Think users will blindly agree to MAM? Think again!

Mobile application management isn't a cure-all for the problem of controlling corporate assets on personal devices. Users will still need a good deal of convincing and persuading -- or, if you prefer a gentler term, "education.

Mobile application management isn’t a cure-all for the problem of controlling corporate assets on personal devices. Users will still need a good deal of convincing and persuading -- or, if you prefer a gentler term, “education.”

During this week’s SearchCIO tweet jam on mobility, I got a wakeup call regarding users’ trust (or lack thereof) in IT and the general lack of knowledge around mobile application management (MAM). We typically accept the fact that mobile device management (MDM) won’t work for BYOD because users won’t give IT permission to delete their personal apps and data. What we don’t expect, however, is for that same resistance to exist around MAM.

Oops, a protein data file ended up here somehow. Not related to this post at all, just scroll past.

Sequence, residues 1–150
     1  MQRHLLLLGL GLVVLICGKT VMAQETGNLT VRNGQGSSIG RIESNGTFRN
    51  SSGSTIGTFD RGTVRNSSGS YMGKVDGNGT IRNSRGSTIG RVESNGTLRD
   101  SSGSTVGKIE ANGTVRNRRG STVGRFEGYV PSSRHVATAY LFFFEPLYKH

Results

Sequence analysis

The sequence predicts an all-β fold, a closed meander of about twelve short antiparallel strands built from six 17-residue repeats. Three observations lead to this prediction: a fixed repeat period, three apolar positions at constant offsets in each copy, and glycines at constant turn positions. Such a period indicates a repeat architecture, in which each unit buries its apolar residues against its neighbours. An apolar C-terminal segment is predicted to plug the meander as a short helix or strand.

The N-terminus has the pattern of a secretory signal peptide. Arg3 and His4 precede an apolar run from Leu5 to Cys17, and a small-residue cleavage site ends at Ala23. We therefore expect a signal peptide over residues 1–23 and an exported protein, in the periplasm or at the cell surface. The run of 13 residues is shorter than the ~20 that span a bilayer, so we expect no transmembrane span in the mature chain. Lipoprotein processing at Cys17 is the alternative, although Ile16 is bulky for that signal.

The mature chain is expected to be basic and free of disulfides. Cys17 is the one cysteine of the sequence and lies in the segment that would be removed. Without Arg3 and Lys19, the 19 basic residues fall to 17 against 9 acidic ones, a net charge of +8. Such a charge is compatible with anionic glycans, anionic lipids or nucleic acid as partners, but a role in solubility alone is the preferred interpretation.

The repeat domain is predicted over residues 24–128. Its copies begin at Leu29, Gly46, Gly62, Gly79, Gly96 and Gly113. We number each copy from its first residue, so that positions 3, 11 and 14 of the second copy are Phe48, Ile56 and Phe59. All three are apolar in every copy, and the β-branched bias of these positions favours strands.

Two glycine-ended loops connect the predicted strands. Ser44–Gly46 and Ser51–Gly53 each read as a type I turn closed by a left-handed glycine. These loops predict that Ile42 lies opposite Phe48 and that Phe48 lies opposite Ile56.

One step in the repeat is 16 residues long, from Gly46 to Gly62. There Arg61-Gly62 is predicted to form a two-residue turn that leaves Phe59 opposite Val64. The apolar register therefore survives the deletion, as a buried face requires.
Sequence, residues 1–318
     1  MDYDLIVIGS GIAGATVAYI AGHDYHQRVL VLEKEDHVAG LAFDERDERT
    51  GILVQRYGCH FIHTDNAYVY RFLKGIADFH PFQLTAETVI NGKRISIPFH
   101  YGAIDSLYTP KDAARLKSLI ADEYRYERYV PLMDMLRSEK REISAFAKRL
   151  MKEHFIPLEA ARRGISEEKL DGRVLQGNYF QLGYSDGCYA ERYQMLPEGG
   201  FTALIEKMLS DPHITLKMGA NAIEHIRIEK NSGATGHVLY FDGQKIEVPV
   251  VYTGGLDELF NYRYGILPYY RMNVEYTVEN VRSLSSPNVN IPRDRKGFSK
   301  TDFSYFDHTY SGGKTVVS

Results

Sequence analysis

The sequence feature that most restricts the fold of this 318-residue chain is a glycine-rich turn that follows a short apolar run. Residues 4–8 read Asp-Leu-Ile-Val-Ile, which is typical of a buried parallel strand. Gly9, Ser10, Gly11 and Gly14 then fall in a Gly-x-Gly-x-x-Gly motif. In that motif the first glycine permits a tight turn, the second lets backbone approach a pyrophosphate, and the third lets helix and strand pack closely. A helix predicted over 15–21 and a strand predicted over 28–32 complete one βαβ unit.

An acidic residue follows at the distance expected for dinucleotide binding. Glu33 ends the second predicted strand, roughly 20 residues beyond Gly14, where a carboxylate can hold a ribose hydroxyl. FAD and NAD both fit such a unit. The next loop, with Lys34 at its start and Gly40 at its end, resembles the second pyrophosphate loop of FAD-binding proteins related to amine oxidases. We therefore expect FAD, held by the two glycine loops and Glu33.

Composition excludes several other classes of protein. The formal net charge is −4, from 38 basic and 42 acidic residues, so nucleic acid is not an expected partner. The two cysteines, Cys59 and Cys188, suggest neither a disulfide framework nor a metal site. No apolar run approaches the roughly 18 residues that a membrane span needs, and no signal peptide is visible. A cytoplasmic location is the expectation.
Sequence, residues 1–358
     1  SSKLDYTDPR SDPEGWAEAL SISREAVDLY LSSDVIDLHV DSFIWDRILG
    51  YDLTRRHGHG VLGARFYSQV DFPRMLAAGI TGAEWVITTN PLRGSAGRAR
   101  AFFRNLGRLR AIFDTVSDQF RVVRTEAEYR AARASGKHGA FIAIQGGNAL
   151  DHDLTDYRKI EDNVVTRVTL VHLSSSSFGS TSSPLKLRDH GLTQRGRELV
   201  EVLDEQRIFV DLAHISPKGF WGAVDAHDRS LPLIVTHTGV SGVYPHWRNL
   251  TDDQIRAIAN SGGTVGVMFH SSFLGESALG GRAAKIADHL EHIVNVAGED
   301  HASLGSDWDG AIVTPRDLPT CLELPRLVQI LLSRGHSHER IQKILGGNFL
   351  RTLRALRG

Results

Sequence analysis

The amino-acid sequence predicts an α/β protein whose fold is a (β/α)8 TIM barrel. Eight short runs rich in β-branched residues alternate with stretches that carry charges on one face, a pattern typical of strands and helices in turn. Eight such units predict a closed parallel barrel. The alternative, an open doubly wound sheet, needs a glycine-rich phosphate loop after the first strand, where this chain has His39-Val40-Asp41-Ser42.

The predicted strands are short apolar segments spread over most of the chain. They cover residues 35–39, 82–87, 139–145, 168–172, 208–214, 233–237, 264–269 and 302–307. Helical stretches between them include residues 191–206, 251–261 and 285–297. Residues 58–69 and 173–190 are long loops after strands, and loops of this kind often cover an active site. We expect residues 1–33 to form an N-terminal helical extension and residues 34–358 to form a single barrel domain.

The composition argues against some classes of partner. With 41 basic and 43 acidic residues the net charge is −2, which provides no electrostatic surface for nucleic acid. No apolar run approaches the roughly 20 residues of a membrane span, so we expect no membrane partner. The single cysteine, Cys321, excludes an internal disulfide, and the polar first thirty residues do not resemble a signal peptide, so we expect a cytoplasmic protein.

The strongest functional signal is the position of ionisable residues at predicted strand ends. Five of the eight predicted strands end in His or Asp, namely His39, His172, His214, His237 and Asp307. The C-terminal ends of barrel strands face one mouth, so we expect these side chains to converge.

It does.

When the issue of MDM and BYOD came up in the tweet chat, I posted what I thought was a generally accepted statement: “If IT can wipe corporate, containerized data and apps and leave personal stuff alone, users will consent.” That led to this conversation:

The mobile elite may see MAM (and, to a similar extent, mobile virtualization/ dual-persona technology) as an easy way to separate corporate and personal assets (and control over those assets) on the same device. But some users will see it as a piece of software that YOU’RE installing on MY phone that will give YOU control.